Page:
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What You Do..Don't Do...When You Meet a Person with a Guide Dog.AND, What To Do When You See A Blind Person

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Low Vision Coverage

By LAURIE MCGINLEY...December 2, 2007

When Congress created Medicare in 1965, it excluded from coverage items considered routine and low cost, including hearing aids, dental care and most eye care, including glasses. Now the "eyeglass exclusion" is at the center of a debate over whether Medicare should cover a variety of devices for people with low vision.

Millions of Americans over 65 have low vision, and the numbers are set to rise as aging baby boomers develop age related problems such as Macular Degeneration. Assistive devices range from simple magnifiers to powerful illuminated magnifiers, which can cost hundreds of dollars, to closed-circuit television systems, which can cost thousands of dollars and project type onto a big computer screen.

Proposed Rule
Over the years, Medicare has generally refused to cover the devices, but some courts have supported coverage. Last year, to clarify the issue, the government's Centers for Medicare and Medicaid Services proposed denying coverage for all devices "that use one or more lenses to aid vision or provide magnification of images for impaired vision."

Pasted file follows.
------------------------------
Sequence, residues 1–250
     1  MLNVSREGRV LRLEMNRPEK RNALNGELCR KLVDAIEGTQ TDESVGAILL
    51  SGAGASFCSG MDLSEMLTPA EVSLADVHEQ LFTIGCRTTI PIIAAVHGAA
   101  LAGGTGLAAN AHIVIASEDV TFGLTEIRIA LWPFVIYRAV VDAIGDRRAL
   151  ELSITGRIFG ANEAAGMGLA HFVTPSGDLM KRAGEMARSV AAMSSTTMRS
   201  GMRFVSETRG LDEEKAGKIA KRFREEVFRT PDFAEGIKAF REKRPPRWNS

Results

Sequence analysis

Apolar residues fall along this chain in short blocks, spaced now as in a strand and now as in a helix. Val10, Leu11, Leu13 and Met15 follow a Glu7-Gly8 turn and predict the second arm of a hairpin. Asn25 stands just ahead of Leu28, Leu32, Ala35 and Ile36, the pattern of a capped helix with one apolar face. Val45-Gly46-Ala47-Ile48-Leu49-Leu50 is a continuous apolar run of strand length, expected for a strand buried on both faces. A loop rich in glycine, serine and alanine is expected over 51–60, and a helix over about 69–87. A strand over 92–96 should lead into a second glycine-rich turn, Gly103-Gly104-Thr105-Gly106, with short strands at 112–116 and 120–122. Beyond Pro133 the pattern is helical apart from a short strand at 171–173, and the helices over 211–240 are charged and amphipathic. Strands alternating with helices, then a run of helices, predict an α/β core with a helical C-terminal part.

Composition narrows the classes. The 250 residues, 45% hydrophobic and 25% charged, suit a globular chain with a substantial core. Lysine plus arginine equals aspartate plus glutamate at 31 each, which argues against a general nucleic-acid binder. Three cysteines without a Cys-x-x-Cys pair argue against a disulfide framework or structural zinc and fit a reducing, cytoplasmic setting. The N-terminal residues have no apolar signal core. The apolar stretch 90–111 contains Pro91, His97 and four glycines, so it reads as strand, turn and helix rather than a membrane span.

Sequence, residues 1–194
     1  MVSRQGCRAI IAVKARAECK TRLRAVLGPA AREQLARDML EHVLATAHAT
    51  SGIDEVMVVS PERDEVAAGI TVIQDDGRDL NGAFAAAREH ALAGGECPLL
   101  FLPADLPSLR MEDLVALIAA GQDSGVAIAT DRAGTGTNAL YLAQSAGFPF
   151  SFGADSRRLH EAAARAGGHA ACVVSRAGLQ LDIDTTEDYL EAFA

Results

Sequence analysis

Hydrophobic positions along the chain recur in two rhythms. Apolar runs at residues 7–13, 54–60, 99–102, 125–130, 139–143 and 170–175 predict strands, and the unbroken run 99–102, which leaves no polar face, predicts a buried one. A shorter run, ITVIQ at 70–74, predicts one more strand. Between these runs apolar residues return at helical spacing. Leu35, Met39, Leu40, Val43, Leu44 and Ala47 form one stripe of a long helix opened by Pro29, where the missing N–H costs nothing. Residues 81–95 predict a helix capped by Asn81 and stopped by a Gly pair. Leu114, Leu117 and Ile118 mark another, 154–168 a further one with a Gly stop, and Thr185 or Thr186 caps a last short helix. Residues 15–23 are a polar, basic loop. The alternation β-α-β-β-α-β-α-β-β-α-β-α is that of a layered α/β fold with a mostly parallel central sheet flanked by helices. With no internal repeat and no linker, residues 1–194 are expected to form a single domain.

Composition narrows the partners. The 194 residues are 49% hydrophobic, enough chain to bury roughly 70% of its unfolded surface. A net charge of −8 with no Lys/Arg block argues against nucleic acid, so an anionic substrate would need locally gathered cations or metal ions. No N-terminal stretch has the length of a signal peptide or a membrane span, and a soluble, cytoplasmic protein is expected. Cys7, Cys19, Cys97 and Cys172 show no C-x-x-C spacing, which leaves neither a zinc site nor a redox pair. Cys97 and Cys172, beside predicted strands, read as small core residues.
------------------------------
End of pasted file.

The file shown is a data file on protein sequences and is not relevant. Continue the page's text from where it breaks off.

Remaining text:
"We aren't saying that the devices aren't useful," says Laurence Wilson, director of CMS's chronic care policy group. But, he says, the agency "needs to apply the law in a consistent way." He says the agency is reviewing public comments on the proposal.

Advocacy groups say it's unfair to deny coverage for the devices. "If someone loses a limb, Medicare pays for a prosthesis," or an artificial arm or leg, says Cynthia Stuen, senior vice president for public policy at Lighthouse International, a New York based nonprofit group that helps people with vision loss.

Dr. Stuen says that Medicare Advantage plans -- private managed care plans that are an alternative to traditional Medicare -- generally don't pay for low vision aids. Medigap plans, which many people buy to supplement traditional Medicare, don't cover items that aren't covered by Medicare.

What Is Covered
Medicare covers some eye care, when related to disease. It covers an intraocular lens, which replaces the patient's clouded lens during cataract surgery. It also pays for a pair of glasses or contact lenses after surgery.

Medicare covers screening for glaucoma, in which excess pressure damages the optic nerve, for people at high risk. That includes people with diabetes, a family history of the disease and older African Americans. It also covers a treatment for some patients with age related macular degeneration, in which the central part of the retina deteriorates.

Some nonprofit groups, including Lighthouse International, will provide low vision aids at reduced rates or free, depending on a patient's needs. The Web site also lists organizations around the country that help the visually impaired.

Columbia Lighthouse for the Blind, which serves the Washington, D.C., area, also helps people pay for some devices, and will refer people in other parts of the country to groups in their areas.

Columbia Lighthouse got Margaret Green, a 76 year old Washington resident who has diabetes related vision impairment, glasses with magnifiers built into the lenses, for no cost. "The glasses help a whole lot," she says.

Highlights by page author


If your eye doctor says you have cataracts, don't rush into treatment. To make sure you're choosing the best correction for you, experts suggest: